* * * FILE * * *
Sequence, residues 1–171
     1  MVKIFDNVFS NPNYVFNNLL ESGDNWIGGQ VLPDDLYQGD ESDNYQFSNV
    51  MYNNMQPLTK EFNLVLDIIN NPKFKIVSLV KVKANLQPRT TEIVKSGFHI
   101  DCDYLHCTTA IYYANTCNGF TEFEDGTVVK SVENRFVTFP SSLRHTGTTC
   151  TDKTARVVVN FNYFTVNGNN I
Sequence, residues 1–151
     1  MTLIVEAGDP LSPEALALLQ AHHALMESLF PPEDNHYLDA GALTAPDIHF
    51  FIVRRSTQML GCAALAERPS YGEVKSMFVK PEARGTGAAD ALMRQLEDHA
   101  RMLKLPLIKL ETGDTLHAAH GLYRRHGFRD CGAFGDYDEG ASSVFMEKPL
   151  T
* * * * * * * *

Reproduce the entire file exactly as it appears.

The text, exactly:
Sequence, residues 1–171
     1  MVKIFDNVFS NPNYVFNNLL ESGDNWIGGQ VLPDDLYQGD ESDNYQFSNV
    51  MYNNMQPLTK EFNLVLDIIN NPKFKIVSLV KVKANLQPRT TEIVKSGFHI
   101  DCDYLHCTTA IYYANTCNGF TEFEDGTVVK SVENRFVTFP SSLRHTGTTC
   151  TDKTARVVVN FNYFTVNGNN I
Sequence, residues 1–151
     1  MTLIVEAGDP LSPEALALLQ AHHALMESLF PPEDNHYLDA GALTAPDIHF
    51  FIVRRSTQML GCAALAERPS YGEVKSMFVK PEARGTGAAD ALMRQLEDHA
   101  RMLKLPLIKL ETGDTLHAAH GLYRRHGFRD CGAFGDYDEG ASSVFMEKPL
   151  T